Coexistence of magnetism and superconductivity in separate layers of the iron-based superconductor Li1-xFex(OH)Fe1-ySe

PHYSICAL REVIEW B 95 (2017) ARTN 134419

CV Topping, FKK Kirschner, SJ Blundell, PJ Baker, DN Woodruff, F Schild, H Sun, SJ Clarke

Room-temperature helimagnetism in FeGe thin films.

Scientific reports 7 (2017) 123-

SL Zhang, I Stasinopoulos, T Lancaster, F Xiao, A Bauer, F Rucker, AA Baker, AI Figueroa, Z Salman, FL Pratt, SJ Blundell, T Prokscha, A Suter, J Waizner, M Garst, D Grundler, G van der Laan, C Pfleiderer, T Hesjedal

Chiral magnets are promising materials for the realisation of high-density and low-power spintronic memory devices. For these future applications, a key requirement is the synthesis of appropriate materials in the form of thin films ordering well above room temperature. Driven by the Dzyaloshinskii-Moriya interaction, the cubic compound FeGe exhibits helimagnetism with a relatively high transition temperature of 278 K in bulk crystals. We demonstrate that this temperature can be enhanced significantly in thin films. Using x-ray scattering and ferromagnetic resonance techniques, we provide unambiguous experimental evidence for long-wavelength helimagnetic order at room temperature and magnetic properties similar to the bulk material. We obtain α intr = 0.0036 ± 0.0003 at 310 K for the intrinsic damping parameter. We probe the dynamics of the system by means of muon-spin rotation, indicating that the ground state is reached via a freezing out of slow dynamics. Our work paves the way towards the fabrication of thin films of chiral magnets that host certain spin whirls, so-called skyrmions, at room temperature and potentially offer integrability into modern electronics.

Quantum Griffiths Phase Inside the Ferromagnetic Phase of Ni_{1-x}V_{x}.

Physical review letters 118 (2017) 267202-267202

R Wang, A Gebretsadik, S Ubaid-Kassis, A Schroeder, T Vojta, PJ Baker, FL Pratt, SJ Blundell, T Lancaster, I Franke, JS Möller, K Page

We study by means of bulk and local probes the d-metal alloy Ni_{1-x}V_{x} close to the quantum critical concentration, x_{c}≈11.6%, where the ferromagnetic transition temperature vanishes. The magnetization-field curve in the ferromagnetic phase takes an anomalous power-law form with a nonuniversal exponent that is strongly x dependent and mirrors the behavior in the paramagnetic phase. Muon spin rotation experiments demonstrate inhomogeneous magnetic order and indicate the presence of dynamic fluctuating magnetic clusters. These results provide strong evidence for a quantum Griffiths phase on the ferromagnetic side of the quantum phase transition.

Local magnetism and spin dynamics of the frustrated honeycomb rhodate Li2RhO3

PHYSICAL REVIEW B 96 (2017) ARTN 094432

P Khuntia, S Manni, FR Foronda, T Lancaster, SJ Blundell, P Gegenwart, M Baenitz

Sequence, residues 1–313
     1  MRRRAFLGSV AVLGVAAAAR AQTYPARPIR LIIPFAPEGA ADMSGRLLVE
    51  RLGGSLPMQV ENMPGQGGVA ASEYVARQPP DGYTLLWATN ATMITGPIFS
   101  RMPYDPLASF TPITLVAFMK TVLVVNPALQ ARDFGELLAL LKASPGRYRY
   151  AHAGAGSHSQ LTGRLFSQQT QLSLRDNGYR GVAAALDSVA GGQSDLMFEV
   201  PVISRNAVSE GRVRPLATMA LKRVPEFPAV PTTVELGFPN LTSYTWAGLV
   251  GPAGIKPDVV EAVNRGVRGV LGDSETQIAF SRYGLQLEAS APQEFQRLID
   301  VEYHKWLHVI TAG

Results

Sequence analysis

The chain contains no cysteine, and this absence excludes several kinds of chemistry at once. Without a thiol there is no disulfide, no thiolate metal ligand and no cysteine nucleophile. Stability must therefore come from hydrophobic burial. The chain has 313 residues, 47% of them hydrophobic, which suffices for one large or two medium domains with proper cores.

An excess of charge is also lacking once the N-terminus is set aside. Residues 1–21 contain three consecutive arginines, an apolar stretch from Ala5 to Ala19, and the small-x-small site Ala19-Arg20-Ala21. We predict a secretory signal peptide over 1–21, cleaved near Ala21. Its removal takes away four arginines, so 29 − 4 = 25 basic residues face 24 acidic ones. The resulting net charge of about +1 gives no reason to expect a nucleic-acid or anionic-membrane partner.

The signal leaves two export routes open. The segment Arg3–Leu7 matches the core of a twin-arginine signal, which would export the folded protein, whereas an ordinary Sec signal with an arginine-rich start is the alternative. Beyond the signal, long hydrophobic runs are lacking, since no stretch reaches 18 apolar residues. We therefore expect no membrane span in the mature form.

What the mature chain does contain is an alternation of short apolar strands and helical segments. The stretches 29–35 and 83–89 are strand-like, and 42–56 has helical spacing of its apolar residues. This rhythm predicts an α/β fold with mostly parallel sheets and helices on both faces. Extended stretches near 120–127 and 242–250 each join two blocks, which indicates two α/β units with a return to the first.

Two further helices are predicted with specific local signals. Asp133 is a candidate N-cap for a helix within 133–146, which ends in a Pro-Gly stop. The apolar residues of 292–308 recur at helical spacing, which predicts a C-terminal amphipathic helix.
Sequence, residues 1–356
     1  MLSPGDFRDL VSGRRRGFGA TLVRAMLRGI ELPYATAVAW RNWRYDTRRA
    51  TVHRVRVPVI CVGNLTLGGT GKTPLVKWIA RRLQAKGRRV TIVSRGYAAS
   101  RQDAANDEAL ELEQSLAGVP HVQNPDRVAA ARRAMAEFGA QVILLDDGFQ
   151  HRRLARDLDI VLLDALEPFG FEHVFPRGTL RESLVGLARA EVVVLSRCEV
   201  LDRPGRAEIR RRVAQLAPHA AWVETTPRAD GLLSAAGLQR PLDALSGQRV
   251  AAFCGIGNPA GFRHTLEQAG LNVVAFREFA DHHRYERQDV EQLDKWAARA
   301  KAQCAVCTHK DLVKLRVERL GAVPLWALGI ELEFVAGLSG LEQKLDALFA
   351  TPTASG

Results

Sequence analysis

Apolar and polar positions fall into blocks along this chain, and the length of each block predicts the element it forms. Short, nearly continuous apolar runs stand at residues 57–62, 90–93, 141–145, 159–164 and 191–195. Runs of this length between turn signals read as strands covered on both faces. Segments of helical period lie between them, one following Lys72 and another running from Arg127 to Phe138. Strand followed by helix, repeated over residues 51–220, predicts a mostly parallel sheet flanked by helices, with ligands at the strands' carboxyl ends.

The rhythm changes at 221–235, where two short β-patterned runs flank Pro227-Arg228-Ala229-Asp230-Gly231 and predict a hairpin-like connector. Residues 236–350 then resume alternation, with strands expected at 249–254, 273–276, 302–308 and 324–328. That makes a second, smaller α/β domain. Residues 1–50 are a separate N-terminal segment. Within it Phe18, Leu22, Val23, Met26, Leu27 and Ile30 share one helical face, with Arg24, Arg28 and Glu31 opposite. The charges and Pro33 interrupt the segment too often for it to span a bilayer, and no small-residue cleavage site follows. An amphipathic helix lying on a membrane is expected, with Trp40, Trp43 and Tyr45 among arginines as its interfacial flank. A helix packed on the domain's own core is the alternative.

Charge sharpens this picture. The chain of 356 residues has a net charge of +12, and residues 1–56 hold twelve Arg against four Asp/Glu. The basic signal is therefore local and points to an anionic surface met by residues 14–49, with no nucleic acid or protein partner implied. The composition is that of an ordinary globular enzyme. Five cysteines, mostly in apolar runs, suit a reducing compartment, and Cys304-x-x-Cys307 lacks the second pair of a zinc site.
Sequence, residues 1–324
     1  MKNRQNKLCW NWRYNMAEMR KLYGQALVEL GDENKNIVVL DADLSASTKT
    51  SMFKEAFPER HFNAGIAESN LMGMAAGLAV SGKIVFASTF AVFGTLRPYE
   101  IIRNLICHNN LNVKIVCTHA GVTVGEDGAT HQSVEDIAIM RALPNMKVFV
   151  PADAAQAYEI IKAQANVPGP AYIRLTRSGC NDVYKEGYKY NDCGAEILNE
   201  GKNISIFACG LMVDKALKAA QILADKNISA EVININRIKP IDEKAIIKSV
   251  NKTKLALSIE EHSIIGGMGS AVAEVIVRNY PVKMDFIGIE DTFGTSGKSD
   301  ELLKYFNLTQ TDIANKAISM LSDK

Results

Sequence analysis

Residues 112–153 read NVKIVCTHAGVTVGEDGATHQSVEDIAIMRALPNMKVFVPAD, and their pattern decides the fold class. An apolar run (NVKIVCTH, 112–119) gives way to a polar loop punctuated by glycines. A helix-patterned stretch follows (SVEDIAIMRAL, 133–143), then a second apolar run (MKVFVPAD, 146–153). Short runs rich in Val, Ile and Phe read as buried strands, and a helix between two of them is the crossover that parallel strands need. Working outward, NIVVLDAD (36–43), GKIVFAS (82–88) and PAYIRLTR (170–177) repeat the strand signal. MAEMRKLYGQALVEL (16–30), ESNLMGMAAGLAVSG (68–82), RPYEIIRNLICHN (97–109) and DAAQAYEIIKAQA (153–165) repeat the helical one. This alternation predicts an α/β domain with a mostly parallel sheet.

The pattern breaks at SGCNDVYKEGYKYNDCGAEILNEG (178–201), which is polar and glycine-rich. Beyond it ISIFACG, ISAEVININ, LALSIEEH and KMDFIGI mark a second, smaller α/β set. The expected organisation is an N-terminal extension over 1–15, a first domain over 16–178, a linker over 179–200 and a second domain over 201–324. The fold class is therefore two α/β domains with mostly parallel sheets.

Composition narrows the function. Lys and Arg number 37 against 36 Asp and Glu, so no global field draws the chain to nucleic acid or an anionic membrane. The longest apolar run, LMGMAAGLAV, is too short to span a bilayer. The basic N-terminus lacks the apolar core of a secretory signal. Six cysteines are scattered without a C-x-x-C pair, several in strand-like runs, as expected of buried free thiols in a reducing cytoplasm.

Strong Coupling of Microwave Photons to Antiferromagnetic Fluctuations in an Organic Magnet.

Physical review letters 119 (2017) 147701-

M Mergenthaler, J Liu, JJ Le Roy, N Ares, AL Thompson, L Bogani, F Luis, SJ Blundell, T Lancaster, A Ardavan, GAD Briggs, PJ Leek, EA Laird

Coupling between a crystal of di(phenyl)-(2,4,6-trinitrophenyl)iminoazanium radicals and a superconducting microwave resonator is investigated in a circuit quantum electrodynamics (circuit QED) architecture. The crystal exhibits paramagnetic behavior above 4 K, with antiferromagnetic correlations appearing below this temperature, and we demonstrate strong coupling at base temperature. The magnetic resonance acquires a field angle dependence as the crystal is cooled down, indicating anisotropy of the exchange interactions. These results show that multispin modes in organic crystals are suitable for circuit QED, offering a platform for their coherent manipulation. They also utilize the circuit QED architecture as a way to probe spin correlations at low temperature.

Quantum-critical spin dynamics in a Tomonaga-Luttinger liquid studied with muon-spin relaxation

PHYSICAL REVIEW B 95 (2017) ARTN 020402

JS Moller, T Lancaster, SJ Blundell, FL Pratt, PJ Baker, F Xiao, RC Williams, W Hayes, MM Turnbul, CP Landee

Spin Resonance Clock Transition of the Endohedral Fullerene ^{15}N@C_{60}.

Physical review letters 119 (2017) 140801-

RT Harding, S Zhou, J Zhou, T Lindvall, WK Myers, A Ardavan, GAD Briggs, K Porfyrakis, EA Laird

The endohedral fullerene ^{15}N@C_{60} has narrow electron paramagnetic resonance lines which have been proposed as the basis for a condensed-matter portable atomic clock. We measure the low-frequency spectrum of this molecule, identifying and characterizing a clock transition at which the frequency becomes insensitive to magnetic field. We infer a linewidth at the clock field of 100 kHz. Using experimental data, we are able to place a bound on the clock's projected frequency stability. We discuss ways to improve the frequency stability to be competitive with existing miniature clocks.